Shinshu Roberts examines the suffering inherent in the bodhisattva path, what Dogen referred to as being “the blue lotus in the flame.”
Zen master Dogen wrote that someone working to benefit others should maintain three minds: magnanimous mind, parental mind, and joyful mind.
Barry Magid says Buddhist practice is like looking in a mirror — there’s no wrong way to do it. The important thing is to be yourself.
Shine the light inward. Body and mind will drop away. A meditation instruction from Eihei Dogen, one of Buddhism’s greatest teachers.
When we truly give ourselves over to practice, explains Roko Sherry Chayat, we let go of our dependence on outcomes and begin to trust just being what we are, buddhanature, revealed right here, right now, in this very body and place.
Roshi Bernie Glassman on the three pure precepts — cease from evil, do good, and do good for others — and why they all come down to one point.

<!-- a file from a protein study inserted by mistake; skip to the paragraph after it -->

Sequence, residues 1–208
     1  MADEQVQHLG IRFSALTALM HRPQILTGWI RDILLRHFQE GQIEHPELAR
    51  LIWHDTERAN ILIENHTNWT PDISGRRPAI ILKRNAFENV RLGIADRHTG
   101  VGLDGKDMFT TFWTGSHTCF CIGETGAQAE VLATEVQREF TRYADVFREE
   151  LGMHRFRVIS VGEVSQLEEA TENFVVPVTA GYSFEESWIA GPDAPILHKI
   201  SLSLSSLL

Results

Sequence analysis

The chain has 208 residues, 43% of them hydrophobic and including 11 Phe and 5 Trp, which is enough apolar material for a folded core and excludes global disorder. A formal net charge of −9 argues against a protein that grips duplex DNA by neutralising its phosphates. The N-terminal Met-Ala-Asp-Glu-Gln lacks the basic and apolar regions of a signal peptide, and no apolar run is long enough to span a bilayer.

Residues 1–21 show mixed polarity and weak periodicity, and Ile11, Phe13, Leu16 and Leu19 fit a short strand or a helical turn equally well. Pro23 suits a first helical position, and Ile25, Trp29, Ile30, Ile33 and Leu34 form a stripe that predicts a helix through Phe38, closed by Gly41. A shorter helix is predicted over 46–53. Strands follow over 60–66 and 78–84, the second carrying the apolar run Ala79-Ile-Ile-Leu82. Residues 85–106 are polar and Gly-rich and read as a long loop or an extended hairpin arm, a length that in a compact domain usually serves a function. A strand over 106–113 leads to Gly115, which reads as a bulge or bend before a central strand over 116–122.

When we know something intimately, taught Dogen, it ceases to exist and so do we. John Daido Loori Roshi examines this teaching.
The late Dainin Katagiri Roshi explores Dogen’s concept of Being-Time and how to work with it in our daily lives.
If the new film Arrival had you thinking about “Zen circles,” you’re not the only one. Buddhadharma Deputy Editor Koun Franz on the happy accident of the film’s unique approach to alien communication.
If you’re interested in Zen Buddhism and philosophy, Eihei Dogen is someone to know about.